Snapchat implements Run for Office Mini, emphasizes civics

A screenshot of Snap, Inc.'s "Run for Office Mini" in pictured. Sophie Dolan / The Tufts Daily

In collaboration with the Center for Information and Research on Civic Learning and Engagement, Snap Inc. has developed the Run for Office Mini, an application built directly into Snapchat to emphasize civic engagement among the app’s users.

According to Sofia Gross, head of policy partnerships and social impact at Snap Inc., Snapchat’s Run for Office Mini helps users easily find races that they wish to contest.

“When you log into Snapchat and search ‘run for office,’ you will be prompted to enter your zip code and then pick the issues you care most about to select from over 75,000 different elections happening across this country to understand what you can run for in your local community,” Gross said.

Snapchat has a short but deep history of building civic responsibility among its users. The company began its active involvement in civics before the 2016 election when it first developed a news and politics team to help educate its users about the Iowa caucuses and nomination procedures.

By the 2018 midterm elections, Snapchat built a service into its users’ profiles that helped them register to vote. The company took this a step further by the 2020 election, when Snapchat partnered with TurboVote to build a Register to Vote Mini. According to Gross, this helped over 1.2 million Snapchat users register to vote before the 2020 election.

Gross explained that Snapchat developed the Run for Office Mini after learning that a significant number of elections went uncontested in 2020.

“When we learned that 70% of races across the country went uncontested in 2020, we wanted to help build a tool to show people how they could make their voice heard on the issues they care most about,” Gross said.

Snapchat’s user base is mostly made up of younger Americans, a group that, according to Gross, includes some of the most civically engaged people in the country.

“We’re reaching a really special demographic of Americans,” Gross said. “We want to help break down the barriers to entry when it comes to civic participation [for them].”

Civic engagement experts at Tufts University discussed how youth engagement can affect national politics.

According to Director of CIRCLE Kei Kawashima-Ginsberg, young voters are incredibly motivated and focus their activism and electoral participation around a few key issues. She mentioned gun control, climate change and the Black Lives Matter movement as some of the issues that are driving youth political participation right now.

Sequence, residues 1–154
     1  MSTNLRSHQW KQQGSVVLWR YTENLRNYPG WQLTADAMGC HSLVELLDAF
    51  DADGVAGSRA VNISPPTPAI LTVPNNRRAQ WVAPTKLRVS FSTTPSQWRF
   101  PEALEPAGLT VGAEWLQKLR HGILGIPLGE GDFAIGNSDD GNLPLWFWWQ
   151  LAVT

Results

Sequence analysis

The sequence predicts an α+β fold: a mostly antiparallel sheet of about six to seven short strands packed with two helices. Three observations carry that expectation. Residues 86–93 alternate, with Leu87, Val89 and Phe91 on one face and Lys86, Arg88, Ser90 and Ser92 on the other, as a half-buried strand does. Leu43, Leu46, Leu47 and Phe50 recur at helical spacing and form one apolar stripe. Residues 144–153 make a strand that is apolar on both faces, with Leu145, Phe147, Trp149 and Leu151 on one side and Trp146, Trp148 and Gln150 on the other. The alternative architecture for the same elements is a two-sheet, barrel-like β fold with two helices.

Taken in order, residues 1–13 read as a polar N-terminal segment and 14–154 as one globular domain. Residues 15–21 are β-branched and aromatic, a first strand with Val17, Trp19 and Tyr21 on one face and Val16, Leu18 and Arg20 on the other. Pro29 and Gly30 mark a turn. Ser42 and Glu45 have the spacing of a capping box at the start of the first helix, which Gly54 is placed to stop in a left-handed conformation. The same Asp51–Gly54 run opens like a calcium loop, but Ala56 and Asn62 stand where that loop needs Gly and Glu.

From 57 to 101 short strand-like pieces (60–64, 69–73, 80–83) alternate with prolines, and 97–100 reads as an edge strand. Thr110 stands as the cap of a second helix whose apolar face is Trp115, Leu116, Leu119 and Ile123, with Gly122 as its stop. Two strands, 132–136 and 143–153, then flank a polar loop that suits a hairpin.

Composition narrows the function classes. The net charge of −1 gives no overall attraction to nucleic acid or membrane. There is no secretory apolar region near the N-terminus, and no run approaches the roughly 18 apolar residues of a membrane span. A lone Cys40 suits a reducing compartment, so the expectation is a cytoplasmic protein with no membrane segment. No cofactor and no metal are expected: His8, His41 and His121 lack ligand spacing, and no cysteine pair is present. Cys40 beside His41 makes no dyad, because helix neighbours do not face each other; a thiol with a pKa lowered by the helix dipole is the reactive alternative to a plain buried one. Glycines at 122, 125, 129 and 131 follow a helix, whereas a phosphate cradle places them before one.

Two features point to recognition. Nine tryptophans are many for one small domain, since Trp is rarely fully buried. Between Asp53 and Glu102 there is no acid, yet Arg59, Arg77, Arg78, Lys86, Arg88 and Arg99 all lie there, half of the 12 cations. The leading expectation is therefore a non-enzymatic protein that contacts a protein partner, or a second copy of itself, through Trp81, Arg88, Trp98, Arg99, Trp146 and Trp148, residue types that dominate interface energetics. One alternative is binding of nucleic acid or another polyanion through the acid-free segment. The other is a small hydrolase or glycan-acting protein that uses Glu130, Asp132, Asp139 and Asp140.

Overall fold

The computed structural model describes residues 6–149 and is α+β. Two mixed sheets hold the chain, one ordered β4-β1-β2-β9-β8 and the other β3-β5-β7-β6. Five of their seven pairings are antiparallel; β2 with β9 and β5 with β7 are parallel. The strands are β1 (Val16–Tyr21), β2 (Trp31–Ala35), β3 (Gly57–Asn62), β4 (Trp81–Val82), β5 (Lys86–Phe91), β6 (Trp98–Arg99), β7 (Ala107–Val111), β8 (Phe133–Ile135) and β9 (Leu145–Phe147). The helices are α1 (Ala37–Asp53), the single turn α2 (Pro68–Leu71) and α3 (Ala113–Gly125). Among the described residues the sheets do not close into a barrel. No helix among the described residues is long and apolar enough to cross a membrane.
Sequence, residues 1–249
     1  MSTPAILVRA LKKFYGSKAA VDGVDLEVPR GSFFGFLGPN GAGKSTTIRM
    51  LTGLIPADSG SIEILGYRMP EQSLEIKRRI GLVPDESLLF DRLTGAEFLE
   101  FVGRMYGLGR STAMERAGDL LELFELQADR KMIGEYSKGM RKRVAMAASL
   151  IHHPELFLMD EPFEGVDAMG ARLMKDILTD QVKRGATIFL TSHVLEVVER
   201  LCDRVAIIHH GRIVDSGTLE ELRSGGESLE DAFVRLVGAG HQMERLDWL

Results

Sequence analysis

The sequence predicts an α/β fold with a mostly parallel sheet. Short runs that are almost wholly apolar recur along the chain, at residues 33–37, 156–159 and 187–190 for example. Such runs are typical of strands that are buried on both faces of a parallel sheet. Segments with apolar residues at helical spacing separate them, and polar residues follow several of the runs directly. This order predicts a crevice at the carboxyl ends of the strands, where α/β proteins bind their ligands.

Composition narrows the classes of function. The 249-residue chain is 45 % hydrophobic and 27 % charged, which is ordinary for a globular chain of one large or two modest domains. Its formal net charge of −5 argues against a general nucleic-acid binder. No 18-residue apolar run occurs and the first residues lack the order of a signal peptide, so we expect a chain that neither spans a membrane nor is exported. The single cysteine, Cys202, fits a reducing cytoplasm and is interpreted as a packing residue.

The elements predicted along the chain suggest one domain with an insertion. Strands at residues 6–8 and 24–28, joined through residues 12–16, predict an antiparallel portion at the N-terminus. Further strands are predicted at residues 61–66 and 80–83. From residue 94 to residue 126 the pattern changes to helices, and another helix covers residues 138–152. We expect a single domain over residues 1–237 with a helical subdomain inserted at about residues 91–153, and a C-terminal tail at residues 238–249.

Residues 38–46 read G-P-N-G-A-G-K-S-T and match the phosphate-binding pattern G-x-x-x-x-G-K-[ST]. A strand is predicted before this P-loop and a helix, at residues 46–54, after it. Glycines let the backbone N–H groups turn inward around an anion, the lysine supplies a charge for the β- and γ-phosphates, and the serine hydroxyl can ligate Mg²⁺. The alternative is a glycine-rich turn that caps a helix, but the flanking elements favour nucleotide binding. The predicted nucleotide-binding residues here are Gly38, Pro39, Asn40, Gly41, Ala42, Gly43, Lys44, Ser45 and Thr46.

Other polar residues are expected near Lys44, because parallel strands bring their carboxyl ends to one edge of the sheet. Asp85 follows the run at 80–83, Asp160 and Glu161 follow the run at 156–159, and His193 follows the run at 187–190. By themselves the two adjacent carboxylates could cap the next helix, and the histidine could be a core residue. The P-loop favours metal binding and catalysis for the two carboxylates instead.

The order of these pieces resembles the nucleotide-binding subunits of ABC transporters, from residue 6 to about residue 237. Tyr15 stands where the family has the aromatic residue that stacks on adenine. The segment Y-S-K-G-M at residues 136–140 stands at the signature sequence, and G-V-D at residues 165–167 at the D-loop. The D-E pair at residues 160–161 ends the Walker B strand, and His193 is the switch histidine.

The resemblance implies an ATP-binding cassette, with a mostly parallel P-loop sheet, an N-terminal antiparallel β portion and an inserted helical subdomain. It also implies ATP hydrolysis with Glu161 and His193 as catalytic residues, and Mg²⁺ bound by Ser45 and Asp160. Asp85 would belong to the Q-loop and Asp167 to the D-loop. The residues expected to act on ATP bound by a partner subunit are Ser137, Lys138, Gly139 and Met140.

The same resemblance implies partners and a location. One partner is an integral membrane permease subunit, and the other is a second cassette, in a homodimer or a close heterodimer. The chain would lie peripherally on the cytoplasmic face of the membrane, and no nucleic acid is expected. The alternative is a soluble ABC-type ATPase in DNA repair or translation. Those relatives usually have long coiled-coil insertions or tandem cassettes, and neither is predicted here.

Kawashima-Ginsberg believes that engaging more young people in politics could also push politics to focus more on the country’s long-term success. She noticed that many politicians currently are mostly worrying about short-term issues. Meanwhile, youth activists are thinking about how their actions will be effective long into the future.

“Politics and campaigns have always run [around] what’s going to happen next year, [in the] next two years,” Kawashima-Ginsberg said. “These young people … think about the next 30 years.”

Adam Gismondi, director of impact at Tisch College’s Institute for Democracy and Higher Education, discussed how social media has facilitated civic engagement and increased social awareness among its users.

“Social media has … lowered the barrier to entry in some ways, whether it’s staying aware of what’s in the news or doing a deeper dive on an issue that you’re interested [in], to doing something like organizing your peers,” Gismondi said.

Ultimately, the Run for Office Mini is one of multiple tools Snapchat is using to encourage political engagement among its users. 

“Personally, I’m thrilled to see young people getting engaged, whether that takes the form of running for office or being an activist or just staying up on issues,” Gismondi said.

Importantly, Kawashima-Ginsberg pointed out that the Run for Office Mini highlights local races, which are often overlooked in favor of showy, federal elections. She believes that running for local elections is a great way to get involved in politics.

“Instead of running for Congress for the first time that you’re running for office, now you can imagine running for a community board, which is a much more accessible pathway,” Kawashima-Ginsberg said.

By directly reaching members of younger generations, Snapchat’s Run for Office Mini can address some of the concerns Gismondi and Kawashima-Ginsberg raised about lowering barriers to entry for political participation and amplifying the youth voice in government.

Gismondi believes the presence of younger political candidates in any race will also improve representation in politics. According to the Library of Congress, the average age of a federal representative in the 117th Congress is 58.4, while the average age of a senator is 64.3.

“The only way to increase representation, which I think is really important in politics, is for the youngest generation to take their seat at the table,” Gismondi said.

Kawashima-Ginsberg believes that encouraging young people to run for office will add yet another way for young activists to succeed in their goals. While voting and organizing are indeed powerful means of affecting change, running for office expands the opportunities that voting and organizing can provide.

“Oftentimes we feel really disconnected and disempowered, because we don’t know what’s going to happen to us and we don’t even know who’s making our decision on our behalf,” she said. “The reason to have young people run for office, and be able to have that voice in the local, state and national government is [so] that … the young people can actually have an opinion that’s going to travel and translate into policy and practice.”


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